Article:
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Serge Koussevitzky (1874-1951)

Koussevitzky as Boss: "I Played Fiddle for the Czar" and other Musician Perspectives

Koussevitzky was known for being exacting, terrifying and relentless in his pursuit of musical perfection. According to an interview with Willis Page (BSO bass, 1940-1943; 1945-1955), Koussevitzky was very clear that his orchestra was not a democracy. "I say do, and you do!" Explore some of these stories of musician experiences in the BSO under the direction of Serge Koussevitzky.

Newspaper article with several black and white headshots of Serge Koussevitzky conducting

Photo spread in the Providence Sunday Journal: “Musicians’ view of Dr. Serge Koussevitzky", February 16, 1941

Some various gestures that Koussevitzky used to indicate tempo, tone, and expression are enumerated in this photographic spread.

Cartoon figures of orchestra musicians surround a caricature of Serge Koussevitzky at the podium
Caricature portrait of the Boston Symphony Orchestra under Serge Koussevitzky, 1936. Gift of Robert Ripley

Changes in personnel from the 1924-1925 season to the 1925-1926 season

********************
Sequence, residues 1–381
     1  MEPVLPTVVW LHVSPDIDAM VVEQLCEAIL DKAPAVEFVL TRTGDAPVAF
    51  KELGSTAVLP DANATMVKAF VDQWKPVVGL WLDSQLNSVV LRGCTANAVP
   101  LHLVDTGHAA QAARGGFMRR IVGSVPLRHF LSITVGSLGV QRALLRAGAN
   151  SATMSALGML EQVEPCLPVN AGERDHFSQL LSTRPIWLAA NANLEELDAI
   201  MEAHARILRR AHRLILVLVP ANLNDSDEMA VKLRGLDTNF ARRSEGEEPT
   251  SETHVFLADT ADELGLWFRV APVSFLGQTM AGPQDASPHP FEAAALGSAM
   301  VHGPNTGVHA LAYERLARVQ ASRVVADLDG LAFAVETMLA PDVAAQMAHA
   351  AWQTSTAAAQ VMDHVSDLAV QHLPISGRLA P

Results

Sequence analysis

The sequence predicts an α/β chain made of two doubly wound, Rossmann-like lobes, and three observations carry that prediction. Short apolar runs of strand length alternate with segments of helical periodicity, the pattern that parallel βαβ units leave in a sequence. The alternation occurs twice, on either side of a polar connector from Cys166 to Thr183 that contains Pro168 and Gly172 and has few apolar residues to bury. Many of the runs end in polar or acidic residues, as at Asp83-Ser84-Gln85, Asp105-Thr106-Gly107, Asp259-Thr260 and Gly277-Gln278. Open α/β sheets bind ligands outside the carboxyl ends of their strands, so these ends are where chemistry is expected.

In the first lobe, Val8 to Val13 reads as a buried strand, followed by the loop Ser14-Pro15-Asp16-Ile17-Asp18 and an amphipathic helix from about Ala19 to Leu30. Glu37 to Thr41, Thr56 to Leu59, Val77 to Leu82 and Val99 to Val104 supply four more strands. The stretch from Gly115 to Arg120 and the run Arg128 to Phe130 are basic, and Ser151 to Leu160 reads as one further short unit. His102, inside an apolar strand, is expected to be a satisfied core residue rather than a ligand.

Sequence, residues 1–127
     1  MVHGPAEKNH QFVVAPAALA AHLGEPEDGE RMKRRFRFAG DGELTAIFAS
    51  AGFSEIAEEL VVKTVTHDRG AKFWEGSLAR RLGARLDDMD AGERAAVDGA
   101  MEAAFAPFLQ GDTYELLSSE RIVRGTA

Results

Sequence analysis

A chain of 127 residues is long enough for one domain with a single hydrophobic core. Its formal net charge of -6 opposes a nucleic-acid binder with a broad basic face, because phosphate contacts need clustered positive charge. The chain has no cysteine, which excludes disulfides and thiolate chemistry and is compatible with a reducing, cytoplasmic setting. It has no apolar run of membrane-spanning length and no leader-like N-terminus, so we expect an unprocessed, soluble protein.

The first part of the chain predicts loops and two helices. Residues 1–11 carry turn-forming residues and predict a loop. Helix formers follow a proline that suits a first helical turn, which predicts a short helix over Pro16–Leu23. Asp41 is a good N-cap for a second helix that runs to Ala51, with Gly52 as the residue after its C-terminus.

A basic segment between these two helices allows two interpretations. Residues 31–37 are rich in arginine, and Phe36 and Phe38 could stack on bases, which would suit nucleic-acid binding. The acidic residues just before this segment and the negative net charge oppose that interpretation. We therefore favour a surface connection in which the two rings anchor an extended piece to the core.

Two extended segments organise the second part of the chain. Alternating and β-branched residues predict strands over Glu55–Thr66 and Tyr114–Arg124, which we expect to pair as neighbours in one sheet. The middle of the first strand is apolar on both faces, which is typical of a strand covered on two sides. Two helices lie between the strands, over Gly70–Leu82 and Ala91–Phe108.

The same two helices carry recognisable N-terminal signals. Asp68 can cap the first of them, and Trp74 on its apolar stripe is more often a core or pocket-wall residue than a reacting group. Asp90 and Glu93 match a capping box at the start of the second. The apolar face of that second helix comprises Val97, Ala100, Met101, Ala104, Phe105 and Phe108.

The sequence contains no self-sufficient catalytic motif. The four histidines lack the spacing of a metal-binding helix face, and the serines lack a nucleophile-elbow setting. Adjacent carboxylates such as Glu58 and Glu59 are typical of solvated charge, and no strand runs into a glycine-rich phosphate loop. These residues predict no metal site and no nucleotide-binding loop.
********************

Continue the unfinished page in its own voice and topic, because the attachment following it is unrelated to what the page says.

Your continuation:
These program book rosters from the 1924-1925 and 1925-1926 seasons, and a memo from BSO manager W. H. Brennan to BSO Board President Judge Frederick Cabot illustrate changes in personnel that Koussevitzky requested early in his tenure. Seventeen musicians did not return after the conductor’s first season. According to biographer Arthur Lourié, Koussevitzky was improving the quality of the orchestra’s sound. According to others, such as violinist Percy Paul Leveen, this personnel change was a “great purge.”

Listen: Charles Smith (BSO percussion, 1943-1990) talks about Koussevitzky's conducting

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Listen: Phil Kaplan (BSO flute, 1939-1970) talks about Koussevitzky as musical director

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